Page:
One third of those filing tax returns in 2007 paid zero income tax, while about half of those received money from the government. Since 15 million workers did not earn enough to be required to file a return, almost 62 million workers paid zero income tax in 2007. In rough terms, almost 45% of the those who worked in 2007 paid zero income tax, and one third of those paying zero tax ended up receiving substantial money from the government (in the form of earned income tax credit and other subsidies).
Here's a chart of the data:
Note the dramatic and unprecedented increase during the Bush II years in the percentage of workers who pay no tax. To make matters worse, consider this comment from The Tax Foundation:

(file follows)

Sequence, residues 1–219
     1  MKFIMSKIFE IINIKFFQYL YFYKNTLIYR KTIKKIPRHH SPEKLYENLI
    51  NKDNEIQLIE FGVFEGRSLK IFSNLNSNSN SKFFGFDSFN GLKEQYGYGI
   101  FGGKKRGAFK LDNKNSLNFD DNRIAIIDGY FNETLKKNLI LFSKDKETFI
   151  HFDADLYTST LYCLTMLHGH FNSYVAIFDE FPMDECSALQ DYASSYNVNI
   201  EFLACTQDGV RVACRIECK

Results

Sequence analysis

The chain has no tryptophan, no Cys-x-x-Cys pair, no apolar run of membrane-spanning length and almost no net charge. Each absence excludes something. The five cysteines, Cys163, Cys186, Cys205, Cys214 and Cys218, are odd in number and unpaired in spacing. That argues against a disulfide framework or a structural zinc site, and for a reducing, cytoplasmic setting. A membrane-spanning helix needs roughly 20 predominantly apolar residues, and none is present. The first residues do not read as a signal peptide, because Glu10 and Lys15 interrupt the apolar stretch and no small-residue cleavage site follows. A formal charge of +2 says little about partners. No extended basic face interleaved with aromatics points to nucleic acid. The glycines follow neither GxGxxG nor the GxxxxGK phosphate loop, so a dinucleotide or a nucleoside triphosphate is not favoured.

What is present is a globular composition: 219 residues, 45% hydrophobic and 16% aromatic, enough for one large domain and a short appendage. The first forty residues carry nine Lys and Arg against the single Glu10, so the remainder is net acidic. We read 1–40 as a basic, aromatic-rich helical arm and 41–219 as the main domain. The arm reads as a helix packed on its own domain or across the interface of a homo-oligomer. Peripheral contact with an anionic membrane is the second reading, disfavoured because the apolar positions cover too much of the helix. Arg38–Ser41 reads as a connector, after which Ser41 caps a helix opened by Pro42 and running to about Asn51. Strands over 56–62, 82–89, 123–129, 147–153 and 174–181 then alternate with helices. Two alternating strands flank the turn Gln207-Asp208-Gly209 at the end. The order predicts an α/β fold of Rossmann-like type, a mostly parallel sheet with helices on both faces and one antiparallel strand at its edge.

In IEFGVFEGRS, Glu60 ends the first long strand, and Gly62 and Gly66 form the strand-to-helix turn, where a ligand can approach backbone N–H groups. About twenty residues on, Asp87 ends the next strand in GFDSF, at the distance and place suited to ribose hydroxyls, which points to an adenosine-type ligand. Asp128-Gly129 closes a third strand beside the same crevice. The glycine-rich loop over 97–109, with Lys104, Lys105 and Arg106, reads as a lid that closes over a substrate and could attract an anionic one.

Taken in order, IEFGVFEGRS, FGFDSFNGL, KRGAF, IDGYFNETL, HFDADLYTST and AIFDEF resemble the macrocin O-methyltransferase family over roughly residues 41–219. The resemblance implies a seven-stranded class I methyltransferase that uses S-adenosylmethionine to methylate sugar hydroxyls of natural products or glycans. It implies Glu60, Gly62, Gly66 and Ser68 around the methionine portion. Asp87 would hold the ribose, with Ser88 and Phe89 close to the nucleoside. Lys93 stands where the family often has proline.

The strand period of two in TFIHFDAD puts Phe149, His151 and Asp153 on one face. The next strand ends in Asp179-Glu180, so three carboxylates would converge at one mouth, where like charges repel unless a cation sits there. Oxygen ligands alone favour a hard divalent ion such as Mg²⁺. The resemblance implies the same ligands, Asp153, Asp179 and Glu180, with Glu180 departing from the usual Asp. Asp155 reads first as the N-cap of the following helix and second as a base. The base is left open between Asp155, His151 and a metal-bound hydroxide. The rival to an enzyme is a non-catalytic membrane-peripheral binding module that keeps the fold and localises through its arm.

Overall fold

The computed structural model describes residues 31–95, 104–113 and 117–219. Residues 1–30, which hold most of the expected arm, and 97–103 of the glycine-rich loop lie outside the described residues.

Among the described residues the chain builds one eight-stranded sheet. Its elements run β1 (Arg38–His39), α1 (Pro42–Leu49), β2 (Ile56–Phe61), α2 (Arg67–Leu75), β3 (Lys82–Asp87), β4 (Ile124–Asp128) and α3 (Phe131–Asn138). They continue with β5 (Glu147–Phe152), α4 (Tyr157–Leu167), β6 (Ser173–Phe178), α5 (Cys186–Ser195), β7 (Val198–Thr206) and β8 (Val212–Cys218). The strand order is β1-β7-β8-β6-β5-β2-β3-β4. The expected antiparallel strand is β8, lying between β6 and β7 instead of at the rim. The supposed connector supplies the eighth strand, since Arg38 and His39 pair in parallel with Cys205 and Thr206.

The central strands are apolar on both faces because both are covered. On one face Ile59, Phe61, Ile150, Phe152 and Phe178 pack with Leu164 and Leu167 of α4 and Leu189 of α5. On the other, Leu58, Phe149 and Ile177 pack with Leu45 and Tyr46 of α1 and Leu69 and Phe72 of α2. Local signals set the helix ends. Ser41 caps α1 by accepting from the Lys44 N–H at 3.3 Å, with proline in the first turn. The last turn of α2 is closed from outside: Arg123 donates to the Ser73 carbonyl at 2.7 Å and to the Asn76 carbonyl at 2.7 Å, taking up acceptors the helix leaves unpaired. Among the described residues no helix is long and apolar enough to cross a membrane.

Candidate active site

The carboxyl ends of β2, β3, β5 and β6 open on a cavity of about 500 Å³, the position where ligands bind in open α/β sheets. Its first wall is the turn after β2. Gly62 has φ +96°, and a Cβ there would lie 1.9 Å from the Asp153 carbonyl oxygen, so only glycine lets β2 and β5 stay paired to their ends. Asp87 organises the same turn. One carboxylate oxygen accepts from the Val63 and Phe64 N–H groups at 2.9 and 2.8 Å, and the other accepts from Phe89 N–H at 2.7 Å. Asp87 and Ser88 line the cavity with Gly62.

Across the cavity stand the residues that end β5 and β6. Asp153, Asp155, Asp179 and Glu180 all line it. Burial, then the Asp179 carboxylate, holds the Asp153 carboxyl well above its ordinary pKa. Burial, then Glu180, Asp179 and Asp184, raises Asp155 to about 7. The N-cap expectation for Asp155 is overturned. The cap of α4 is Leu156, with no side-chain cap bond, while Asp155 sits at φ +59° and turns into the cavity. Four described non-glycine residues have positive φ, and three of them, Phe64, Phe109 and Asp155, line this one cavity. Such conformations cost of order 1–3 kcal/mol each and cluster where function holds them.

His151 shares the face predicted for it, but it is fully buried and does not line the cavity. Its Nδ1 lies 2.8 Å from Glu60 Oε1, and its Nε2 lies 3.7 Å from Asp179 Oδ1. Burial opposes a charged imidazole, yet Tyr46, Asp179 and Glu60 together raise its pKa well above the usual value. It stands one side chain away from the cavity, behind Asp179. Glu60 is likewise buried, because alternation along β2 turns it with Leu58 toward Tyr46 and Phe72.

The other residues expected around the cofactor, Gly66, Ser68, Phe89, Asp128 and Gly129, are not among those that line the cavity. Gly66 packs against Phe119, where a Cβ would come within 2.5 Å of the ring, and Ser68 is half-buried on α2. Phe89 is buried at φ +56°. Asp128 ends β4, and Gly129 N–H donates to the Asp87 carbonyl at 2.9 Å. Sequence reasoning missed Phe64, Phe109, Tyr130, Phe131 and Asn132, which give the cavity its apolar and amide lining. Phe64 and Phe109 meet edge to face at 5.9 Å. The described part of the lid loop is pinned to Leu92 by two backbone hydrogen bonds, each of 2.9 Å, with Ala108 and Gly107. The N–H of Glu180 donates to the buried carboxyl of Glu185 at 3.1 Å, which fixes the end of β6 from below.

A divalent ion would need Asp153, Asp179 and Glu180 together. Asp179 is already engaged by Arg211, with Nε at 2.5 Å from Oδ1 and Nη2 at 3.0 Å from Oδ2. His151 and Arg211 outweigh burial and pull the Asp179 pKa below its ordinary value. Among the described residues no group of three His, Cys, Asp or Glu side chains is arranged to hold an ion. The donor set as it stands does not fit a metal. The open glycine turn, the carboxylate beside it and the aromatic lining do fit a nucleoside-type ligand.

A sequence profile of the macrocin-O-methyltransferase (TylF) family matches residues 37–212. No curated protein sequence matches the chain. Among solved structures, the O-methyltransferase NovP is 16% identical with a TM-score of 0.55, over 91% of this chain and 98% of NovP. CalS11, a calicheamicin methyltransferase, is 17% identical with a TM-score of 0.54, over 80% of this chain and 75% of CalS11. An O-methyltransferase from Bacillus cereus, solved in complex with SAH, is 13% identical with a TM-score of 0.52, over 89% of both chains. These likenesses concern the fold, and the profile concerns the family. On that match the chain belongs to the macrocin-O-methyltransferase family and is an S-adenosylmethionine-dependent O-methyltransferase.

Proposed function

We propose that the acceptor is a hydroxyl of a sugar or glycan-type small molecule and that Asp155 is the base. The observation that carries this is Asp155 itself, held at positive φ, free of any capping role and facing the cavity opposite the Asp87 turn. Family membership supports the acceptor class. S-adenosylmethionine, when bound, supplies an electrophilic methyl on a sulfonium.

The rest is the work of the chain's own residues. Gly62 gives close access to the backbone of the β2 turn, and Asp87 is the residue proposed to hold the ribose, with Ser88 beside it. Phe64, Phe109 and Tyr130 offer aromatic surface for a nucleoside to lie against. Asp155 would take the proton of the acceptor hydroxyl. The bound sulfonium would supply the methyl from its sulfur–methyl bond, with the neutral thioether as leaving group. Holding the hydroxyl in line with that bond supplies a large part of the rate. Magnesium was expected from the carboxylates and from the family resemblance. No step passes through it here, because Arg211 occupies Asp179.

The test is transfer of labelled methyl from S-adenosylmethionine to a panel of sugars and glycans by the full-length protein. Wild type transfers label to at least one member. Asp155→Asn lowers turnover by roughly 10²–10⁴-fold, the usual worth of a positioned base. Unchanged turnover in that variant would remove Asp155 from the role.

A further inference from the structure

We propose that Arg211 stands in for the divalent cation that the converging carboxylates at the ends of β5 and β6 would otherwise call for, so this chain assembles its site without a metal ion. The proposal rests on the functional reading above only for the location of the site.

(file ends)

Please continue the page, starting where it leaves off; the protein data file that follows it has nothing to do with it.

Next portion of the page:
"The number of 'nonpayers' can be expected to soar due to programs such as President Obama's 'Making Work Pay' tax credit," Tax Foundation President Scott Hodge said. "We now have an enormous class of Americans who are disconnected from the cost of government and have no skin in the game, and that is not good for democracy."
Nuni, a very good friend of mine, made a similar comment to me this morning:
If we talk about the unfairness of those making a lot of money and not sharing enough with those who don't make a lot of money, how about the unfairness of those who don't pay any taxes asking to increase taxes on the rich? The fair thing to do would be to say that only those who pay taxes should be able to give an opinion about raising taxes. The rest are just going along for a free ride. And that's definitively unfair.